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Minimum Equipment List (MEL)

The minimum equipment list (MEL) is intended to permit operations with certain inoperative items of equipment for the minimum period of time necessary until repairs can be accomplished. It is important that repairs are accomplished at the earliest opportunity in order to return the aircraft to its design level of safety and reliability.

The MEL is based on the MMEL(Master Minimum Equipment List), a document  published by the FAA for each aircraft(the large ones)and adapted by the operators to their specific operation and type of fleet, then submitted to the FAA for approval.

For large operators (large airplanes with redundant  systems)the use of the MEL can save millions of dollars due to factors like:      

The aircraft can take off  in a regular passenger flight with inoperative systems, complete its schedule and reach the home base where the deffered item is cleared(repaired).This permits the minimal allocation of parts at every station.
Delays or even cancellations can be avoided by deferring last minute reported discrepancies. 
 
Only parts that are used for no go items (for systems that are not in the MEL) are allocated at line stations.
 
(1) When inspecting aircraft operating with an MEL, the holder of an IA should review the document where inoperative items are recorded (aircraft maintenance record, logbook, discrepancy record, etc.) to determine the state of airworthiness with regard to those recorded discrepancies. Inspections of aircraft with approved MELs will be in accordance with 14 CFR under which the MEL was issued.
(2) Those MELs specifying repair intervals through the use of A, B, C, D codes require repairs of deferred items at or prior to the repair times established by the letter designated category. In such instances, some items previously deferred  may not be eligible for continued deference at the inspection or may require additional maintenance. Where repair intervals are not specified by codes in the MEL, all MEL-authorized inoperative instruments and/or equipment should be repaired or inspected and deferred before approval for return to service.
(3) Aircraft established on a progressive inspection program require that all MEL-authorized inoperative items be repaired or inspected and deferred at each inspection whether or not the item is encompassed in that particular segment.
4. When inspecting aircraft operating without an MEL, 14 CFR part 91, section 91.213(d), allows certain aircraft not having an approved MEL to be flown with inoperative instruments and/or equipment. These aircraft may be presented for annual or progressive inspection with such items previously deferred or may have inoperative instruments and equipment deferred during an inspection. In either case, the holder of an IA is required by 14 CFR part 43, section 43.13(b) to determine that:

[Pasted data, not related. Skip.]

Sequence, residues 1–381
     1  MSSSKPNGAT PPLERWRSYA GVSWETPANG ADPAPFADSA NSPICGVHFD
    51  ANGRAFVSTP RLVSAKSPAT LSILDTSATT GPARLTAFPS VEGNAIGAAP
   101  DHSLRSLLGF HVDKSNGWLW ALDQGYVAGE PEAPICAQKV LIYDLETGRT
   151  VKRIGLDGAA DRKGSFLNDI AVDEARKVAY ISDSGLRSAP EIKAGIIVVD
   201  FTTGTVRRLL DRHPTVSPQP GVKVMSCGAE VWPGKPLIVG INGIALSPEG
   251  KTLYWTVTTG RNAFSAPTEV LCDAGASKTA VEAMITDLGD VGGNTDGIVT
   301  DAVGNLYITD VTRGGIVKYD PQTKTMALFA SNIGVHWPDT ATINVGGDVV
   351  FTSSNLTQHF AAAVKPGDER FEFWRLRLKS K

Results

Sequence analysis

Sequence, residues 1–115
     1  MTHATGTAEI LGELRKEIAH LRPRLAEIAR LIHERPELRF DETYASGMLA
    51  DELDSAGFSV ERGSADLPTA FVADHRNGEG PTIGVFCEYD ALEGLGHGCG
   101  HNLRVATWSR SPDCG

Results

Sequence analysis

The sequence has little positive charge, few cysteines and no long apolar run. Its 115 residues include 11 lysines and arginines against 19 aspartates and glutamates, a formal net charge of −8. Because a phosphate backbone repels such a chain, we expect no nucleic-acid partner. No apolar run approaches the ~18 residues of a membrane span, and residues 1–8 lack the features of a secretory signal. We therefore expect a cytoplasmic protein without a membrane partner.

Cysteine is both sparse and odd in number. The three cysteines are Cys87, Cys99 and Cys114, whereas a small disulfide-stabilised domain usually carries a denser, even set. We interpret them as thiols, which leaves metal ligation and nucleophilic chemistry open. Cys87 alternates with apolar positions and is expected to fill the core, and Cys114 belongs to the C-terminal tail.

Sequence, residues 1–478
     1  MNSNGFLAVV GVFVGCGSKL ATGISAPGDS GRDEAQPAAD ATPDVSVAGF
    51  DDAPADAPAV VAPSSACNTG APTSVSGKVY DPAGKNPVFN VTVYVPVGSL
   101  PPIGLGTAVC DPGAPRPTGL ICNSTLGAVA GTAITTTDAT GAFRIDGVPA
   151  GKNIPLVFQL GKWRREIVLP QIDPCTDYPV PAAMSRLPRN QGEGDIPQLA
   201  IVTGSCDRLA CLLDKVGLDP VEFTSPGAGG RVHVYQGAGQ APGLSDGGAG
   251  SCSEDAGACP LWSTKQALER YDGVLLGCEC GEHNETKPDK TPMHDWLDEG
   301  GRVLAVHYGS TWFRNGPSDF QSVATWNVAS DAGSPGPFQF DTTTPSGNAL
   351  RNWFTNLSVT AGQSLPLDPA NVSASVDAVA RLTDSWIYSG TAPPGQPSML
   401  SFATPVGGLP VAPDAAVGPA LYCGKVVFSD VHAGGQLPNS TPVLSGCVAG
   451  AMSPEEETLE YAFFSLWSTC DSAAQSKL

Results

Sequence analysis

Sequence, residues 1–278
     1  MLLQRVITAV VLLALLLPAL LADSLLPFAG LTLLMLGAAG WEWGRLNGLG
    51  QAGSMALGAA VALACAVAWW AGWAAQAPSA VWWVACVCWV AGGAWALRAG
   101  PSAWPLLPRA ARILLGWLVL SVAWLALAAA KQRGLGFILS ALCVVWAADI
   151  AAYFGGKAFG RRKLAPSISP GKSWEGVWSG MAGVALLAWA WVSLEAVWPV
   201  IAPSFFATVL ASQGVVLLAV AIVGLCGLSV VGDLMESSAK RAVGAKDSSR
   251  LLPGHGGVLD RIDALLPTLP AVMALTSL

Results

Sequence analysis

(a) The deferrals are eligible within the guidelines of that rule.
(b) All conditions for deferral are met, including proper recordation in accordance with 14 CFR part 43, sections 43.9 and 43.11; and
(c) Deferral of any item or combination of items will not affect the intended function of any other operable instruments and/or equipment, or in any manner constitute a hazard to the aircraft. When these requirements are met, such an aircraft is considered to be in a properly altered condition with regard to those deferred items.

It is important after repairing or clearing a deferred item to use the reversal procedure of the deferral. This means to return the aircraft to the original configuration: for example, CB´s (circuit breakers) collared for deactivation  must be removed and the CB reset, operating  placards also must be removed, etc. For larger aircraft with more complex systems this is more critical due the deactivation and not re-activation may affect other systems. 

Minimum Equipment Requirements for General Aviation Operations Under FAR Part 91:

Acceptable methods for the operation of aircraft under Federal Aviation Regulations Part 91 with certain inoperative instrument and equipment, which are not essential for safe flight:

Conducting operations with an MEL as authorized by FAR 91.213(a) or without an MEL as authorized by FAR 91.213

 
(d)   AC 91-67
 
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